Page 3, 5th February 1937

5th February 1937
Page 3
Page 3, 5th February 1937 — ilemma Of Belgian Catholics

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Locations: Antwerp


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ilemma Of Belgian Catholics

" Rex// Or Socialist Drift?

" Concentration " Programme Halts



Great indignation is expressed at the visit of the third most important person in the Kingdom paying a visit to Red Spain and pledging to them the support of many Belgian Catholics.

The feelings of many Catholics have been expressed in a speech strongly critical of the Government made by the President of the Catholic Associations.

There is dissatisfaction with the failure of the Catholic Party to reorganise itself to meet the difficulties created by the twin movements towards Right and towards Left.

So far Degrelle, the Rex leader, has achieved a wonderful work in cleaning up Belgium politically and in denouncing scandalous practices in political matters.

Despite the fact that it is known and felt that he has gone too far, many Catholics, if you question them as I have done, say that they are still out-and-out Rexist.

This attitude flows as much from the disappointment with the Catholic Party as from any love for Degrelle—not to speak of what is often called the petty and vindictive persecution of Degrelie.

The denial to him of the use of the Belgian Broadcasting Station, the arrest of his reporters and editorial staff and their imprisonment, the recent degradation of a retired officer of the gendarmerie—Colonel Vigneron (for the mere fact that he acted as a witness for Degrelle) all hamper and annoy Degreile are contrary to the liberty guaranteed by the Belgian Constitution.

It is a common view that a Belgian general election would prove a sweeping victory for the Rexist Party.

The Moment is Grave

Most suggestive at the present time was the speech last week of Count Charles A. d'Aspremont-Lynden on the occasion of his re-clection as President of the Federation of Catholic Associations and Clubs.

"The moment is grave," he said, " and things must be said concerning the Government's policy and concerning the reor ganisation of the Party. Concentration roust be such that all Catholics are to feel at home within the party."

As to the Belgian Political situation, Count d'As.premont stated that at the start he had given his confidence to the Van Zeeland Ministry, hut today, without condemning the Government, he gave it but a relative confidence:

" I esteem," he continued, " that this confidence must be watchful, for the past few weeks we have noted a sliding towards the left which hae not been done to please us. I do not take an opposing attitude hut we do rise up against the attitude of certain ministers. Things have been done that order us to rise up against them.

"The Government has capitulated on the matter of amnesty for outrages perpetrated during the strike. It has yielded on the matter of the Coal Miners. for there k danger in limiling the production of coal when there is a shortage of coal. Working hours must not be reduced just for political reasons. The economic order is not yet reestablished and to give in to the Socialists on this point is a surrender."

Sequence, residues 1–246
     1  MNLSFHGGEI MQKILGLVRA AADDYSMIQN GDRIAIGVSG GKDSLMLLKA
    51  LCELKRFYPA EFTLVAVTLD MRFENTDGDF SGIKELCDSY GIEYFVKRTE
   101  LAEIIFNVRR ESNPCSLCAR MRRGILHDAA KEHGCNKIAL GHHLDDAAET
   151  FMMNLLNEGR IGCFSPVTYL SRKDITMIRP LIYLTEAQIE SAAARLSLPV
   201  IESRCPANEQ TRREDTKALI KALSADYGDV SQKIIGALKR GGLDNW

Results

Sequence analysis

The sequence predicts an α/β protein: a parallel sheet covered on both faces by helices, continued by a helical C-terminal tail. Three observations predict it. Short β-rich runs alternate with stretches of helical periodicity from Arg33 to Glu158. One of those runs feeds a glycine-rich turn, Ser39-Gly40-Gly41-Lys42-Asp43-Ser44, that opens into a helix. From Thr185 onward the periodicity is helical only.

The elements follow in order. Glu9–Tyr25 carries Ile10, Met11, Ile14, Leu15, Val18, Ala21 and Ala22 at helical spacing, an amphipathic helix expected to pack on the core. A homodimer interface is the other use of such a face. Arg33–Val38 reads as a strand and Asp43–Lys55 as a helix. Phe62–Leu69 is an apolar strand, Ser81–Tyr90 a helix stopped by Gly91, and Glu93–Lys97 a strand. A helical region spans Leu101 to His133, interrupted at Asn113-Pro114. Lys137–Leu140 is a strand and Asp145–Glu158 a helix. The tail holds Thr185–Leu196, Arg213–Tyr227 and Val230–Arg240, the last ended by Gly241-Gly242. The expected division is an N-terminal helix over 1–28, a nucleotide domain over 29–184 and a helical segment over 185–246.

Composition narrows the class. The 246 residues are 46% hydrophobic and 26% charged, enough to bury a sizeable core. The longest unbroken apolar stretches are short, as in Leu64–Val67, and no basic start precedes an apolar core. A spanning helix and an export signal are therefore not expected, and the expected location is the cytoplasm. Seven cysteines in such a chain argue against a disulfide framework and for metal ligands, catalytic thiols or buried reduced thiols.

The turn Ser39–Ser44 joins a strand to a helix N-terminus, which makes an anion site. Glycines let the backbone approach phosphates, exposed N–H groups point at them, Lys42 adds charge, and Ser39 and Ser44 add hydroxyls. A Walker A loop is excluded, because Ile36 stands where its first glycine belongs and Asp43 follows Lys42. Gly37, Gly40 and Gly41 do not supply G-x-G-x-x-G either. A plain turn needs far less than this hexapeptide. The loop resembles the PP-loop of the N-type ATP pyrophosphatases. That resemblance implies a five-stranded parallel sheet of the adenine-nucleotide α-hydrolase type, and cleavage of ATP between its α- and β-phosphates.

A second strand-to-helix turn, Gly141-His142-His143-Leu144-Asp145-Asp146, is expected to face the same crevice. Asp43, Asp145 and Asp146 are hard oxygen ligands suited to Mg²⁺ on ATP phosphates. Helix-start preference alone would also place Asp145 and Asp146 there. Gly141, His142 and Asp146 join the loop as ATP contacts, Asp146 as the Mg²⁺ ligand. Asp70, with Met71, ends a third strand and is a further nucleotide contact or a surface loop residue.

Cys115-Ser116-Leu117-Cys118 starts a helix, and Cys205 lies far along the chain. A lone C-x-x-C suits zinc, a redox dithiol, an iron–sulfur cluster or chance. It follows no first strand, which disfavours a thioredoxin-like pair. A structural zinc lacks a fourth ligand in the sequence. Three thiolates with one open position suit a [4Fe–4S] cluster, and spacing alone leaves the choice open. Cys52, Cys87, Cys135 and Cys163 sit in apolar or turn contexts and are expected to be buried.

In striking contrast to this frank criticism of Van Zeeland's Government by a supporter was the diatribe launched last week by a leading Catholic Minister of State. slating that it was not true that the Catholic Prime Minister, Van Zeeland, was ruled by

his Socialist Colleagues and upbraiding a part of the Catholic masses for letting themselves be led away from their duty by a minority " skilled in the art of deceit.' (Rexists.)

Socialist's Valencia Visit

An example of the kind of thing which makes many Catholics suspicious is the visit of the Socialist President of the Belgian Chamber to the Red General Miaja at Valencia.

Camille Huysmans, bourgomaster of Antwerp. and President of the Cluunber, has gone on a visit to Spain, though it was given out that he had merely gone to France for his health. In Spain. at the head of a delegation of Belgian Deputies—all Socialists—he applauded Setlor A zarta's speech—and then issues a solemn profession of faith in favour of the Reds, going so far as to state the untruth that a large section of Belgian Catholics sympathised with the Reds.

Camille Huysmans, as President of the Belgian Chamber, is the third person of importance in this country, and it is felt that his presence in Spain at this juncture is an outrage to Belgian honour whilst the blood of Baron de )3orchgrave has not been atoned for.

Catholic Party

Meanwhile the proposed "Concentration" or " Reorganisation " of the Catholic Party makes little headway.

In September at the Congress of Malines, the most imposing of Catholic manifestations ever held in Belgium, all the Catholic elements resolved to sink their differences and rally round the Catholic standard in one united force on the political arena.

The growing grip of the Socialists over Belgium. and the spectre of Spain urged the responsible leaders, under the spell of the enthusiasm of the Malines Congress to concentrate without delay.

Five months has elapsed. Since then one has grown tired of the word " Concentration " which has been discussed in the press and on the platform every day, and concentration of Catholic forces seems far off and unattainable: Charges and re-organisations reported at the time in the Catholic Herald were made. but the effect has only been to split the Catholics more than ever.

To secure peace, union and unity, the concentration must be effected in such manner that one federation or group is not sacrificed in favour of another. Thus it is that discussions and debates are being carried on at meetings, at conferences, in the press, all in a heated endeavour to reach some satisfactory solution.

(Editorial continent on page 8)

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